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Fh34985988

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Fh34985988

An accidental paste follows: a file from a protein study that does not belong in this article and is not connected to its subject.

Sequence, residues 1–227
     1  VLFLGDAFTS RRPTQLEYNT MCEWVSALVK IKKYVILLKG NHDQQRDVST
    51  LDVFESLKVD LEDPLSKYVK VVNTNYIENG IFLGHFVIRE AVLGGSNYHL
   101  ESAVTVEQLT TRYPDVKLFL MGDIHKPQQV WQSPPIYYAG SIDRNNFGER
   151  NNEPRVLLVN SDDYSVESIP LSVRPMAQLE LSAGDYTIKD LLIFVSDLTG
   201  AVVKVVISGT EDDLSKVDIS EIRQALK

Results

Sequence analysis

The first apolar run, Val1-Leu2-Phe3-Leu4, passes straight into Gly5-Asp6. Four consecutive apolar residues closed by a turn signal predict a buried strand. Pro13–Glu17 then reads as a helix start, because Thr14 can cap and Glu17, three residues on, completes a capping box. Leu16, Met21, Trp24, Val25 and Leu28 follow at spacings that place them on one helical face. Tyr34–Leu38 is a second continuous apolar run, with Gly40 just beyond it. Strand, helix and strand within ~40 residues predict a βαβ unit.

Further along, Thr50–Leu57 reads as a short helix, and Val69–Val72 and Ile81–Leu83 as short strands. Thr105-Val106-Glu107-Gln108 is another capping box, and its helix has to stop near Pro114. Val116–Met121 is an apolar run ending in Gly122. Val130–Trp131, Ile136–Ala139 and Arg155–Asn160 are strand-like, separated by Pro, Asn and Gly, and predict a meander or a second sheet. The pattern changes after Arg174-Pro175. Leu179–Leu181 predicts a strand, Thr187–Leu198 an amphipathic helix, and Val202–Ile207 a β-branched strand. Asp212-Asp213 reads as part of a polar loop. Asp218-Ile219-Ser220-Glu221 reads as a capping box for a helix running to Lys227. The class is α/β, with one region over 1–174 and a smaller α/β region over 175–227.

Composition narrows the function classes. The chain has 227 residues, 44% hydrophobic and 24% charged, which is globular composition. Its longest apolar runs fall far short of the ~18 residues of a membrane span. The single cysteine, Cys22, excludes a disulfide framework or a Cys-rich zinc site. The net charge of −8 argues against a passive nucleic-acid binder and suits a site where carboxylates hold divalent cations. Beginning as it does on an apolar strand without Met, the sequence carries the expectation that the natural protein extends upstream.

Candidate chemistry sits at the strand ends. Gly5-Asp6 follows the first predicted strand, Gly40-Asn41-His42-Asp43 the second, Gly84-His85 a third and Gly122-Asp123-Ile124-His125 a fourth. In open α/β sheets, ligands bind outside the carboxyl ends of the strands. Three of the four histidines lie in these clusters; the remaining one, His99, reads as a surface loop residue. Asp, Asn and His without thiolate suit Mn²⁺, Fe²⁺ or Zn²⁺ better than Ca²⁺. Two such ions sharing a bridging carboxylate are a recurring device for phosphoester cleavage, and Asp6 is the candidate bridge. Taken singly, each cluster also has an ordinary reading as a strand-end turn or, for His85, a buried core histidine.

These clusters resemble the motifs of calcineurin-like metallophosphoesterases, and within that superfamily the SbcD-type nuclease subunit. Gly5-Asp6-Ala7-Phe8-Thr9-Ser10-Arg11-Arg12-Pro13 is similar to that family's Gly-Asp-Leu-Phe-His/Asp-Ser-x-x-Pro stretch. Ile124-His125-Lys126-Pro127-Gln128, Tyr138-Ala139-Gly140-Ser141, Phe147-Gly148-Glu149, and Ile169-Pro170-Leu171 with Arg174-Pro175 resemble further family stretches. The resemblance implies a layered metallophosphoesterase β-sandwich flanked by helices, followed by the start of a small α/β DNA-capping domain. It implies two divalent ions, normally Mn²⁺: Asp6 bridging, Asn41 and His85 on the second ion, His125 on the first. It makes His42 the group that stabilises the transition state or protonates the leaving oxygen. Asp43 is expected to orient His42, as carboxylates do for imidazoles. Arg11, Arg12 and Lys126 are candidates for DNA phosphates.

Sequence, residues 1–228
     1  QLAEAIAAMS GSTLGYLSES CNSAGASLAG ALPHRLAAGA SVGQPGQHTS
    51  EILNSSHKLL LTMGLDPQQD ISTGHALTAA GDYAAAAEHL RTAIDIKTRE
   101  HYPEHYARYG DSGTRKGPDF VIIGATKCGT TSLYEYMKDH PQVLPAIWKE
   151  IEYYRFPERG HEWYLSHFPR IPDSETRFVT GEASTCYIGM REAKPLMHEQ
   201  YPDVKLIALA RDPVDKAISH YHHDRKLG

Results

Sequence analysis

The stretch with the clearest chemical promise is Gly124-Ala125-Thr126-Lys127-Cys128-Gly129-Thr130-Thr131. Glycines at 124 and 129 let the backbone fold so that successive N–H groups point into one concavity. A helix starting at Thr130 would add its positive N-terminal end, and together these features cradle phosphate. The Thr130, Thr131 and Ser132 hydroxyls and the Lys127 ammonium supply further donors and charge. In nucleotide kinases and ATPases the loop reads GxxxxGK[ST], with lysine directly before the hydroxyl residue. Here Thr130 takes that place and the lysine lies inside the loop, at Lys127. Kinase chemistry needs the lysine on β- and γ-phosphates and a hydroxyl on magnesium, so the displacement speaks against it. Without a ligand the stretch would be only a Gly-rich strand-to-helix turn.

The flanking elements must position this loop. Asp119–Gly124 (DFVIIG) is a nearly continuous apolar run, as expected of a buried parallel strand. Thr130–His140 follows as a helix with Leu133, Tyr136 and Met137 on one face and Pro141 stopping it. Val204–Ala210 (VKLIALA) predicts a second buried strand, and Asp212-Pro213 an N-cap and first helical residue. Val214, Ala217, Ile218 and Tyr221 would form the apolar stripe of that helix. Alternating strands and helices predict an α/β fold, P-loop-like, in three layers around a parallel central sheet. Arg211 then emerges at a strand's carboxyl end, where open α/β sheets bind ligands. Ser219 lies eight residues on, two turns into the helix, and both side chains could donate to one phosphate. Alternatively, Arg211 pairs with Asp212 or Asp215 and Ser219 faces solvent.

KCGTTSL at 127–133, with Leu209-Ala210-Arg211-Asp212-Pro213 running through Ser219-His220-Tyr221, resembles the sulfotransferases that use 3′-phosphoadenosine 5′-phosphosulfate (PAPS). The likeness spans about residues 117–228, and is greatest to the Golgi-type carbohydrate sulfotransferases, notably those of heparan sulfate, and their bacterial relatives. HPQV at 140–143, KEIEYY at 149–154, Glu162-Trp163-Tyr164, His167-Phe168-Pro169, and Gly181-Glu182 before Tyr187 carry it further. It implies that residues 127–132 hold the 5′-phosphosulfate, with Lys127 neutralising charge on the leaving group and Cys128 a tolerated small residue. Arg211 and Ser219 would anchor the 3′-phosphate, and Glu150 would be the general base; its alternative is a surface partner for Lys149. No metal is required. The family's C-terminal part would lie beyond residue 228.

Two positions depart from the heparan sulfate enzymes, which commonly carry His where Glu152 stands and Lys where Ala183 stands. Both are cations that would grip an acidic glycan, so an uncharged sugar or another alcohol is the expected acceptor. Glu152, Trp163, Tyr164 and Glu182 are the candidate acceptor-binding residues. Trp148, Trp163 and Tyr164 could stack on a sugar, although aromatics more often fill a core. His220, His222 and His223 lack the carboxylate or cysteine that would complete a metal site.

1. 1. Milind Koranne / International Journal of Engineering Research and Applications (IJERA) ISSN: 2248-9622 www.ijera.com Vol. 3, Issue 4, Jul-Aug 2013, pp.985-988 985 | P a g e Traversing Mechanism without the Use of Cam Milind Koranne Associate Professor, Textile Engineering Department, Faculty of Technology and Engineering, the M. S. University of Baroda, Vadodara, India Abstract Filter winder winds yarns or rovings on cylindrical perforated packages. Commercial filter winders use grooved cam traverse. The author developed a prototype filter winder to wind 30 inches long packages with a traversing mechanism without the use of cam [1, 2] in which combined action of three yarn traversing guides mounted on an endless loop of chain traverse yarn. Continued efforts of the author has resulted into further improved version of yarn traversing guides which is described in this paper. During traversing, yarn remains in ceramic guide eye carried in each yarn traversing guide; which is distinguishing feature of this development over earlier ones. Key words: Filter winder, yarn traversing guides, release rod, yarn transfer I. Introduction A filter winder winds textile material in forms like yarns or rovings; on perforated cylindrical packages. Textile material wound on these packages, serve as a filter media. These filter packages may be with exceptionally longer lengths such as 30 inches, 40 inches or even 72 inches. Commercial filter winders use grooved cam traverse for traversing yarn. Grooved cam traverse system has limitations with regard to achieving high traverse speeds. Traversing system with counter rotating blades, used on commercial winding systems, replaces the grooved cam traverse and allows winding of cylindrical packages at high speeds. However, this traverse system is applicable only up to limited traverse lengths. Patent literature describes several methods of yarn traversing without the use of grooved cam traverse, based on mechanical principles [3 - 10]. However, these systems also, are basically intended for shorter traverse lengths. Filter winders have to cover a wide range of traverse lengths, as long as 72 inches. The author of this paper developed a prototype filter winder to wind 30 inches filter with a traversing mechanism without the use of grooved cam traverse in which three guides mounted on an endless chain traverse yarn to and fro would traverse yarn across the length of the package [1, 2]. Yarn traversing guides used in both these developments consists of two parallel arms in which yarn remains during traversing. A yarn guide cum release rod, extending across the package length, also plays an important role in yarn traversing. Subsequent continued efforts of the author on improving design of yarn traversing guides resulted in development of new yarn traversing guide design which is described in this paper. During traversing, yarn remains in a ceramic guide, a component of yarn traversing guide, which is the situation similar to what it prevails in grooved yarn traversing system. Filter packages were wound on this filter winder using polypropylene yarns. II. Chain loop with yarn traversing guides Figure 1 shows chain loop with three yarn traversing guides located at equal interval of links. As shown in figure 1 (a), a loop of chain passing over five sprockets carries three yarn traversing guides. Two segments of this chain loop are horizontal, closely spaced and parallel to each other. These chain segments move in mutually opposite direction. A yarn traversing guide traverses yarn when it is over this chain segment. As shown in figure 1 (a), yarn traversing guide 1, lying in lower parallel segment of chain is traversing yarn from left to right. At right extreme of traverse yarn traversing guide 1 meets guide 2 moving from right to left on upper chain segment [figure 1 (b)]. Here, yarn is relieved from yarn traversing guide 1 and is picked up by guide 2. Now yarn is traversed from right to left by yarn traversing guide 2 as shown in figure 1(c). Referring to figure 1 (d), at left extreme of yarn traverse, yarn traversing guide meets yarn guide 3 moving from left to right on lower chain segment where yarn is transferred from guide 2 to 3 and its traverse direction is reversed. In this way yarn keeps on traversing by its transfer from on yarn traversing guide to the other at traverse extremes. Chain is stabilized in traversing zone by providing projections over it at back side at regular intervals that follows grooves of a stationary bracket. Length of chain is six times the length of traverse. As shown in figure 2, ‘c’ and ‘d’ are yarn traversing guides on lower and upper chain segments respectively. Each yarn traversing guide carries a ceramic yarn guide (‘g’ in figure 2). One side of ceramic yarn guide of each yarn traversing guide has an arm projecting little beyond ceramic yarn guide and on the other side a slanting portion. ‘c1’ and ‘d1’ are arms of yarn traversing guides ‘C’ and ‘D’ respectively that project little beyond their respective ceramic guides. ‘c2’ and ‘d2’ are slanting portions of yarn traversing guides ‘c’ and ‘d’ respectively which project beyond their respective ceramic guides.